For five years, the Trudeau government fought a legal battle to maintain the use of solitary confinement in federal prisons. Last week, it stopped fighting. Its officials said the government would drop a Supreme Court appeal of two lower-court rulings, effectively making it illegal to hold a person in solitary for more than 15 consecutive days.
That ought to be cause for celebration. Separating prisoners from others is a tool that sometimes must be used in prisons, but in Canada’s jails it has been terribly misused.
The infamous cases of Ashley Smith, a teenager who took her own life in 2007 after spending a total of more than 1,000 days in solitary, and Edward Snowshoe, an Indigenous man who took his life in 2010 after 162 consecutive days in solitary, were only the worst examples.
And it wasn’t just the federal system that was being medieval. A young Indigenous man named Adam Capay spent a mind-numbing 1,647 days in isolation in an Ontario prison, most of them in a cell that was perpetually lit. He had never been convicted of a crime, but was instead awaiting trial on a murder charge.
Those types of grotesque abuses are unlikely to ever be repeated in Canada, in either federal or provincial prisons.
The country was already headed that way last week, thanks in part to calls from the United Nations to end solitary confinement lasting 15 days or more, which it considers a form of torture.
Between 2014 and 2019, Correctional Service Canada (CSC) cut the number of federal inmates in solitary by more than half, from 800 to closer to 300.
Now, by deciding not to challenge a 2019 Ontario Court of Appeal ruling that said more than 15 days of solitary confinement is cruel and unusual punishment under the Charter of Rights and Freedoms, and an earlier ruling from a British Columbia court that came to the same conclusion, Ottawa would seem to have put an ugly past behind it.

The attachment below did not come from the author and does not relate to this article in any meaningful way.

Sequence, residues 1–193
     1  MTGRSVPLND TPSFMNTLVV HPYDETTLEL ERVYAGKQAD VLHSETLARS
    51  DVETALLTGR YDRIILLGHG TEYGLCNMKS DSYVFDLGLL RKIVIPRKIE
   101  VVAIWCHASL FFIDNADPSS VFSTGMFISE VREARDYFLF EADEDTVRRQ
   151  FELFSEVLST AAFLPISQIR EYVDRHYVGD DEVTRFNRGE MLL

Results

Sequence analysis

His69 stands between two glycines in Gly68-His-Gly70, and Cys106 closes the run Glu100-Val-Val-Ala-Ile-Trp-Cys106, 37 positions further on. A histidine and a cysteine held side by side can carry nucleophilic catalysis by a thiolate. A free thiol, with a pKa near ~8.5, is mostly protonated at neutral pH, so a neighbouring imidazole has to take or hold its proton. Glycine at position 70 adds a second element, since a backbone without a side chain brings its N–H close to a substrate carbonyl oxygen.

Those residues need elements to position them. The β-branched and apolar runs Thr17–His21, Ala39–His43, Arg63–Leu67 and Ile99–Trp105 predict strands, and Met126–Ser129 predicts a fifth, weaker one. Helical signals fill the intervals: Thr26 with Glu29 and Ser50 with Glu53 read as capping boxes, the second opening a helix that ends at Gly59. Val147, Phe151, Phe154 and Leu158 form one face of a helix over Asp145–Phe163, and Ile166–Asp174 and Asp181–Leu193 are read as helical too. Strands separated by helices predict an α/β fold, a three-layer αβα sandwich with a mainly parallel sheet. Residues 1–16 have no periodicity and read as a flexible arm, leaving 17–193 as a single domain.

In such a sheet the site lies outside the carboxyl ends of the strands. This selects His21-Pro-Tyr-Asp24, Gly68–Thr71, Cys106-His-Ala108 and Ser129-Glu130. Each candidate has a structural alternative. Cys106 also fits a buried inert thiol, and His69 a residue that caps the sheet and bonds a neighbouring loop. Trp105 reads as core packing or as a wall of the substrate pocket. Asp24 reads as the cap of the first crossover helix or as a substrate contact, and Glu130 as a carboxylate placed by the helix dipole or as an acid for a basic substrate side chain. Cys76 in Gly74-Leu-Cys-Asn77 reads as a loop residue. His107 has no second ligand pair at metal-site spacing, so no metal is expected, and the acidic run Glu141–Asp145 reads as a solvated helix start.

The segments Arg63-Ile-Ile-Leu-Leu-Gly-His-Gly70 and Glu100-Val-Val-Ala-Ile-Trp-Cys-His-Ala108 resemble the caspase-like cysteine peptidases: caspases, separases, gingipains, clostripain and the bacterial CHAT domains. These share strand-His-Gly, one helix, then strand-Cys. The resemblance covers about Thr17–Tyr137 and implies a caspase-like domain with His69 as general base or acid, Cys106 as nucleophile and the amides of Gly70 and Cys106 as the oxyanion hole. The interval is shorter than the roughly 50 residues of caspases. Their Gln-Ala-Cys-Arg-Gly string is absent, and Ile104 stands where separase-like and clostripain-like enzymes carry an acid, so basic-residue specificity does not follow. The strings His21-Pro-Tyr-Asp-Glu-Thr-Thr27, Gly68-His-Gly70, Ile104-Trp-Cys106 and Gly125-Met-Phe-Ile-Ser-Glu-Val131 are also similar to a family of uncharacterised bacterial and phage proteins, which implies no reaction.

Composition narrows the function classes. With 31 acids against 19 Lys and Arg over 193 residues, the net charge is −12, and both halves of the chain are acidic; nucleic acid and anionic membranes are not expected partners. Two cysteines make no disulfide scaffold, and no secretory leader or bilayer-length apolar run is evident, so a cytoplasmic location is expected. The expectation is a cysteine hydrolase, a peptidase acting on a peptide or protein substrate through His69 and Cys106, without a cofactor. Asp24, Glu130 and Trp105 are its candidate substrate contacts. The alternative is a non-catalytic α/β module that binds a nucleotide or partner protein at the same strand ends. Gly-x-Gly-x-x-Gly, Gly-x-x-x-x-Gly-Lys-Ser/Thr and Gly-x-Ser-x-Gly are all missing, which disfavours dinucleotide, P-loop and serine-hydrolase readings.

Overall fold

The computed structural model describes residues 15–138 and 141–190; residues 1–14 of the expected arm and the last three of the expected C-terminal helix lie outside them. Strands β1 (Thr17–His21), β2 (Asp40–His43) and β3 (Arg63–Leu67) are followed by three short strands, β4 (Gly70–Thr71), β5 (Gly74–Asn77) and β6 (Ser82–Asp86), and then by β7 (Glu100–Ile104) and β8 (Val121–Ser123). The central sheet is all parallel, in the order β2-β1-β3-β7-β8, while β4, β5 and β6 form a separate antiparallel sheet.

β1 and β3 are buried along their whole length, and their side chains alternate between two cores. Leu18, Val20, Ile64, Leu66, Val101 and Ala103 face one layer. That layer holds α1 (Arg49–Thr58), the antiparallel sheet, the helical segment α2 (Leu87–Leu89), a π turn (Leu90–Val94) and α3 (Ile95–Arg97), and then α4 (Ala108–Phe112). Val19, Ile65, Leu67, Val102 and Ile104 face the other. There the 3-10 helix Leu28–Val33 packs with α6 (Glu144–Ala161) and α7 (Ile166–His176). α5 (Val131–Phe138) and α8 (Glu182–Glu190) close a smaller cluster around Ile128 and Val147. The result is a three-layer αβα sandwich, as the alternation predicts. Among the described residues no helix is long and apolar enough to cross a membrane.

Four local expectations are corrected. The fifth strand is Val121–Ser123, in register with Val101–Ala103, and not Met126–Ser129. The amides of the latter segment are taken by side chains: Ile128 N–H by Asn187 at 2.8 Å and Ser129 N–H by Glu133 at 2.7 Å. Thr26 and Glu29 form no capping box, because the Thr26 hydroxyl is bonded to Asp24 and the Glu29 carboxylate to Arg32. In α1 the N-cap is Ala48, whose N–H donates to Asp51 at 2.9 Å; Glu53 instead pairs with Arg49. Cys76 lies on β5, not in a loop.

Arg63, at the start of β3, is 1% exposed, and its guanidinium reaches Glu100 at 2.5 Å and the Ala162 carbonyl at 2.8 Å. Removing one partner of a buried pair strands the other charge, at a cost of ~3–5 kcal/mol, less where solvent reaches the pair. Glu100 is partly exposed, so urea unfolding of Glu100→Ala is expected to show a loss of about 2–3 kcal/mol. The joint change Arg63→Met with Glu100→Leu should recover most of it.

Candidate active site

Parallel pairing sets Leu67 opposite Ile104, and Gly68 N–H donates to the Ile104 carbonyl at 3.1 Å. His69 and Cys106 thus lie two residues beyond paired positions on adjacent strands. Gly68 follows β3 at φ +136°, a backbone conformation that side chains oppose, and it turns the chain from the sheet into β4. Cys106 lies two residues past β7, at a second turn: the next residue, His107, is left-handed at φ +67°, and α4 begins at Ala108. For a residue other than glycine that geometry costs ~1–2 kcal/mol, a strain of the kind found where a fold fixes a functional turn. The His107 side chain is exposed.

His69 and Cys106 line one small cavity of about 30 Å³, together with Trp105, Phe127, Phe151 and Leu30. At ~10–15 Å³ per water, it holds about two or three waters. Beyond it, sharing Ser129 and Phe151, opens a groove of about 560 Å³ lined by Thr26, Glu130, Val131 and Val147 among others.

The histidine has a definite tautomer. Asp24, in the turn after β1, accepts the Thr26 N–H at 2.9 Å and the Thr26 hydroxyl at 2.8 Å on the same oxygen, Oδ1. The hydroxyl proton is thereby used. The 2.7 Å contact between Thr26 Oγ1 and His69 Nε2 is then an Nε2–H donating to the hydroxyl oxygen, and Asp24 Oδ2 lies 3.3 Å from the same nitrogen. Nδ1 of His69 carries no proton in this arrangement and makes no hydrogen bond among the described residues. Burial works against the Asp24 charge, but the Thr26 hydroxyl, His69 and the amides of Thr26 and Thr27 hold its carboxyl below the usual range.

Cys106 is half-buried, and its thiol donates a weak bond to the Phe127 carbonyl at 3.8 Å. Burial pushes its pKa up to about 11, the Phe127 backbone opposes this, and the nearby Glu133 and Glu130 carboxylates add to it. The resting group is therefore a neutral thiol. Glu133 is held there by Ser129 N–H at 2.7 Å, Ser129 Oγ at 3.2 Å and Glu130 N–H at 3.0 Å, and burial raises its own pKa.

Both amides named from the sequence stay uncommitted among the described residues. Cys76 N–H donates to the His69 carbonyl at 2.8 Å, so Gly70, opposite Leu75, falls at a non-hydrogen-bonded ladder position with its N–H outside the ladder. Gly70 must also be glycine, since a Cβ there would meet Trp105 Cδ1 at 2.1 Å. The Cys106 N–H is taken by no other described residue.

But there is a catch. When the Trudeau government announced last week that it was dropping its appeal, it argued it was doing so because the abusive form of solitary targeted by the courts no longer exists in Canada, thanks to a reform that came into effect last year.
Under Bill C-83, the CSC can still segregate violent or mentally ill prisoners who are a threat to themselves or others, or whose lives are in danger, and they can still be held in segregation for an indefinite period.
But instead going into what the CSC used to call “administrative segregation," they will be sent to the same parking-space sized cells in what is now called a “structured intervention unit," or SIU.
In an SIU, inmates will be given a minimum of four hours a day outside their cell, with at least two of those hours dedicated to “meaningful human contact,” such as social programs or mental-health care that could help them return to the general population.
That means the kind of abuse condemned by the UN – 22 hours or more hours in a cell without meaningful human contact – and which was the basis for the court challenges, technically no longer exists in federal prisons.
Except that it still could. The new law also says that a case review of an inmate held in an SIU will only be triggered if the inmate does not get his or her minimum hours out of a cell, or minimum hours of meaningful human contact, for five straight days, or for 15 days out of 30.
Put another way, an inmate could remain locked in a cell for 14 non-consecutive days a month, with no meaningful human contact, for months on end.
There is no question that prisons must have some way to isolate inmates who are at risk, or a danger to others. And there are sometimes lockdowns in jails that can make it impossible for inmates to leave their cell for several days.
But Ottawa refused to consider proposed amendments to its law that would have moved mentally ill inmates from federal prisons into provincial psychiatric facilities, and let some Indigenous inmates in segregation return to the care of their communities.
The Trudeau government’s new law only does enough to make two court rulings irrelevant on a technicality. Yes, the absolute worst abuses of the past are unlikely to repeat themselves. That is not nothing. But it’s only a halfhearted, half reform.
Know what is happening in the halls of power with the day’s top political headlines and commentary as selected by Globe editors (subscribers only). Sign up today.